By Elizabeth Davies
Every time you stop having to go to job interviews you somehow manage to forget what a special and unique experience it is.
Just like a first date it can be exciting and uplifting while simultaneously depressing as all hell.
It starts with the initial application, a carefully worded cover letter explaining just why exactly you would be the perfect fit for a company which is more like a family than anything else, if it's really being honest.
It's wise to resist the urge to say you're highly dysfunctional like any good family member should be. Your potential future employer wants you to be funny… but not too funny. Though this family situation they describe is somewhat accurate in an unintentional way. They say you can't pick your family and we all know that when you're desperately unemployed, beggars can't afford to be choosers.
After this initial application you may be lucky enough to receive a follow-up phone call designed to make sure you're not a robot and can articulate fully formed human sentences. Act natural. But for the love of God don't be yourself or they'll never hire you.
If you're lucky enough to pass this test you will likely be invited for a face-to-face interview. This will require you to get out of your pyjamas, bathe and bury your current desire to cry every fifteen minutes – don't worry the car ride home will give you sufficient time to return to your cocoon.
First things first, pick an outfit that screams – 'hire me'. In most cases this will be something black, so you blend into your surroundings and people don't notice when you spill things on yourself. If you're applying for fashion retail go for classic, cool, chic, with a pop of your own personality ( not your real personality, the one you think the chosen brand wants you to possess ). Wear sensible shoes and have tidy nails, practise your firm yet subservient, confident yet calm hand shake.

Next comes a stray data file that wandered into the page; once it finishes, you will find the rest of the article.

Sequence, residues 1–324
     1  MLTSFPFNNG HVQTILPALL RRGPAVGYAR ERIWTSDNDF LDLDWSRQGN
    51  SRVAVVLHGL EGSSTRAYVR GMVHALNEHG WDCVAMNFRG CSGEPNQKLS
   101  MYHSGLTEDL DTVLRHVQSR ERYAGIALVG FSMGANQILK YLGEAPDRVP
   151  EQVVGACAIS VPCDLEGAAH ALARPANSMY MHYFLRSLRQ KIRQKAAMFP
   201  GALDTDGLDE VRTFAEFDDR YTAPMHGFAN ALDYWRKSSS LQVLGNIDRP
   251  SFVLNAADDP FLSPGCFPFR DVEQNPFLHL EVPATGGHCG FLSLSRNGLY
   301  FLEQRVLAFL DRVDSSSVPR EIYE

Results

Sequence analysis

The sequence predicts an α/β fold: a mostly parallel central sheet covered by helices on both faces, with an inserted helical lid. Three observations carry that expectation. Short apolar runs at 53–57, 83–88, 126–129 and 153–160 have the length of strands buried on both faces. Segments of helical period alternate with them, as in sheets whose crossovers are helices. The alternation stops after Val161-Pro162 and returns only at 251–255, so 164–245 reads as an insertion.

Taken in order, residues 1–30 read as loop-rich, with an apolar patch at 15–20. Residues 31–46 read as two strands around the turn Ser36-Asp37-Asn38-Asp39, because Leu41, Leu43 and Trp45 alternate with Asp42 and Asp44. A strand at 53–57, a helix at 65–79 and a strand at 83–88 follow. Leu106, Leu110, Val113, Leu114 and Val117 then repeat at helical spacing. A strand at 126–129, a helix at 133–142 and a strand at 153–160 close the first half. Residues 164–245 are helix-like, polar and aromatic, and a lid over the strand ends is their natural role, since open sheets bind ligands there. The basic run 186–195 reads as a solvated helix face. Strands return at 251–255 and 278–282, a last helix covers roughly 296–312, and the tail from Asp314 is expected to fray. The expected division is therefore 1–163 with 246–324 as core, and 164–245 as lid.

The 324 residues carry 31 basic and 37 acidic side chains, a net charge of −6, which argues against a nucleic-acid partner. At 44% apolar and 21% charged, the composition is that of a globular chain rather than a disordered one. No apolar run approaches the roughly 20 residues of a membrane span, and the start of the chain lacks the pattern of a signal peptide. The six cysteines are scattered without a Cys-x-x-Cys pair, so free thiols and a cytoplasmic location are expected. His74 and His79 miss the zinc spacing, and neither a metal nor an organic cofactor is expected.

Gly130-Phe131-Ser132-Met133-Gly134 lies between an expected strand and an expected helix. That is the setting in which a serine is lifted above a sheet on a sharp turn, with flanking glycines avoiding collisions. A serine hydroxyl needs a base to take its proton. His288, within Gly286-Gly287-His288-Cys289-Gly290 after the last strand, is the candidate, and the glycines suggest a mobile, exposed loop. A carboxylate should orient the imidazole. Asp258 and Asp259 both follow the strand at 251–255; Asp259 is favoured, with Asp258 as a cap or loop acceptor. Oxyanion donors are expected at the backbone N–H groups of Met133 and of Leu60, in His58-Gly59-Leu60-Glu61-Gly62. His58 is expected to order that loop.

Personal hygiene is always important, don't let on you've been living in your own filth watching Breaking Bad reruns for the last three days. Embrace deodorant, subtle perfume and the all essential breath mint.
When it comes to interview preparation make sure you have well rehearsed answers to the stock standard questions. Come up with weaknesses that aren't really weaknesses, examples of times you operated well under pressure and scenarios of when and how you've had to discipline staff (don't mention the use of public shaming or the dungeon!).
When all is said and done, breathe and relax, you've done your best. It's important to remember that your personal value does not hinge on whether or not you get this job. Most of the time you won't get the job, and that's ok because it means there's something else more suited to you out there.
Don't take job rejection personally, or let it damage your confidence. There will always be another interview, another sweaty palmed, fake smile day. If you get the job and it's not your dream job don't fret, make some friends, get some hilarious retail and or hospo stories and be grateful you can pay your bills and don't have three kids to support.
Now that you've mastered the art of the interview, congratulations, you're a healthier minded, more well rounded, generally better actor. You will be rewarded in forced smiles, your very own weird retail voice reserved for customers, and the ability to work in any chain retail store or family restaurant until the end of time – huzzah!
Elizabeth Davies is a graduate of the Auckland University of Technology post graduate journalism course. She writes for interest.co.nz on money matters and financial struggles from a young person's perspective.